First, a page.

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2011 Bourgogne Rouge Halinard, Domaine Dugat-Py
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Dugat-Py is a high class Gevrey-Chambertin Domaine that has risen to prominence in the last 10 years. It was run for many years by Pierre Dugat and, astonishingly, only began estate bottling in 1989. It is now run by Pierre's son Bernard, who is recognised as one of the shrewdest winemakers on the Côte. The Domaine consists of 5 hectares of vineyards and includes holdings in several Premiers Crus sites and 3 Grands Crus. Bernard Dugat-Py, wife Joscelyne and son Loïc, are based at the Aulmônerie, whose cellars were constructed in the 12th century to store wine for the Abbey of St Benigné in Dijon. With rapturous praise emanating especially from across the Atlantic, this is perhaps even more of a cult domaine than that of Bernard’s cousin Claude Dugat. I was a little sceptical, having tasted some wines at then years old which seemed to have dried out, making me fear over extraction. However a visit to the domaine in November 2009 changed my thinking.
The key to the success is in the vineyard with exceptionally meticulous control of the work, there being five people working full time on 10 hectares. The vines are for the most part extremely old, averaging 65 years old across the domaine, and all the trimming is done by hand, while a horse is used to plough a few of the vineyards. Replanting is done with selections from their own vine stock, never with clones. The domaine has been fully organic since 2003 while son Loïc has been doing some biodynamic work with consultant Paul Masson. The wines are vinified with as little intervention as possible and are bottled unfined and unfiltered. "I don't like opulent wines; I like elegant wines", says Dugat. Consequently, the wines are concentrated, yet extremely stylish and well balanced. The wines are very approachable in youth but show at their best with 5-8 years of bottle ageing.
Contrary to some practitioners of deep-coloured wines in Gevrey-Chambertin, the grapes are picked relatively early. Stems are usually kept, depending on the vintage, though to a lesser degree for the Charmes-Chambertin whose primary fruit would be masked by the stalks. There is no cool pre-maceration, except whatever may happen naturally, one punch down and one pump over per day during fermentation in cement and wooden vats, and temperatures are not maintained after the fermentation is over. All in all, it is a low intervention regime. The wines are then matured in François Frères barrel, all new from the premiers crus upwards.
Recent expansion into the Côte de Beaune has seen the addition of Pommard and some white wines from Meursault and Chassagne-Montrachet.
Jasper Morris MW, Burgundy Wine Director and author of the award-winning Inside Burgundy comprehensive handbook.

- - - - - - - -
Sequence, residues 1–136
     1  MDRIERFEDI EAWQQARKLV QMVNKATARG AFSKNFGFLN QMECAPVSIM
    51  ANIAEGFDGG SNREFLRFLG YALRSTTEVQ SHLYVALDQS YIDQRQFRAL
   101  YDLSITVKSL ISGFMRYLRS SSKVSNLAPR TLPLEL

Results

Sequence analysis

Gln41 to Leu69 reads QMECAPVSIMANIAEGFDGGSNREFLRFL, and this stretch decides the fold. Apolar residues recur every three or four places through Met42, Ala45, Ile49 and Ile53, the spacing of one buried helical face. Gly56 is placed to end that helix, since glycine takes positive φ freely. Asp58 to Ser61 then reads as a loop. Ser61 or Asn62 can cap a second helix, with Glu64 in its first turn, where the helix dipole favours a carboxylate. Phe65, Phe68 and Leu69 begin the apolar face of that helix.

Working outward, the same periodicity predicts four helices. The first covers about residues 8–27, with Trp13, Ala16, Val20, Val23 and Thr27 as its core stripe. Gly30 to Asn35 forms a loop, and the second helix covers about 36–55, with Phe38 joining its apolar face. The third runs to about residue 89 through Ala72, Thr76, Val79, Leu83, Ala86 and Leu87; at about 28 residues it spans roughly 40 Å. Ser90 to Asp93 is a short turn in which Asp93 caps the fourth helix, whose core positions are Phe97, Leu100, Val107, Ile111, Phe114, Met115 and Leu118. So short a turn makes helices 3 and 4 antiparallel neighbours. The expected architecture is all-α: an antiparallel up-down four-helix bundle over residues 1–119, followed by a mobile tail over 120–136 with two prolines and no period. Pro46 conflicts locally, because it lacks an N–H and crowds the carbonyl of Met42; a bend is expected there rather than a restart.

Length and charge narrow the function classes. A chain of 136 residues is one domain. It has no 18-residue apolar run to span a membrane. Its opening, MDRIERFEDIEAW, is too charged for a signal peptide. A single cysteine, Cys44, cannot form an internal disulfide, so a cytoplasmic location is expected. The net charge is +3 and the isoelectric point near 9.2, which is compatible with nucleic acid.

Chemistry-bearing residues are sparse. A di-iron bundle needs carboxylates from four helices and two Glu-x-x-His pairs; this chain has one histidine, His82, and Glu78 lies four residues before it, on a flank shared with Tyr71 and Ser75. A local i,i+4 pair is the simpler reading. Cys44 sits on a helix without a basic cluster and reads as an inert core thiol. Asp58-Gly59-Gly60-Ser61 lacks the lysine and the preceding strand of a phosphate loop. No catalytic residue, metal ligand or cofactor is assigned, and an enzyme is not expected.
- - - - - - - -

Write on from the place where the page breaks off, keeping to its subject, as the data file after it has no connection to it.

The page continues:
Pinot Noir is probably the most frustrating, and at times infuriating, wine grape in the world. However when it is successful, it can produce some of the most sublime wines known to man. This thin-skinned grape which grows in small, tight bunches performs well on well-drained, deepish limestone based subsoils as are found on Burgundy's Côte d'Or.
Pinot Noir is more susceptible than other varieties to over cropping - concentration and varietal character disappear rapidly if yields are excessive and yields as little as 25hl/ha are the norm for some climats of the Côte d`Or.
Because of the thinness of the skins, Pinot Noir wines are lighter in colour, body and tannins. However the best wines have grip, complexity and an intensity of fruit seldom found in wine from other grapes. Young Pinot Noir can smell almost sweet, redolent with freshly crushed raspberries, cherries and redcurrants. When mature, the best wines develop a sensuous, silky mouth feel with the fruit flavours deepening and gamey "sous-bois" nuances emerging.
The best examples are still found in Burgundy, although Pinot Noir`s key role in Champagne should not be forgotten. It is grown throughout the world with notable success in the Carneros and Russian River Valley districts of California, and the Martinborough and Central Otago regions of New Zealand.
Bourgogne Rouge is the term used to apply to red wines from Burgundy that fall under the generic Bourgogne AOC, which can be produced by over 350 individual villages across the region. As with Bourgogne Blanc and Bourgogne Rosé, this is a very general appellation and thus is hard to pinpoint any specific characteristics of the wine as a whole, due to the huge variety of wines produced.
Around 4,600 acres of land across Burgundy are used to produce Bourgogne Rouge, which is around twice as much as is dedicated towards the production of generic whites.
Pinot Noir is the primary grape used in Bourgogne Rouge production, although Chardonnay, Pinot Blanc, Pinot Gris and in Yonne, César grapes are all also permitted to make up the rest of the wine. These wines tend to be focused and acidic, with the fruit less cloying than in some New World wines also made from Pinot Noir, and they develop more floral notes as they age.
Although an entry-level wine, some Bourgogne Rouges can be exquisite depending on the area and producer, and yet at a very affordable price.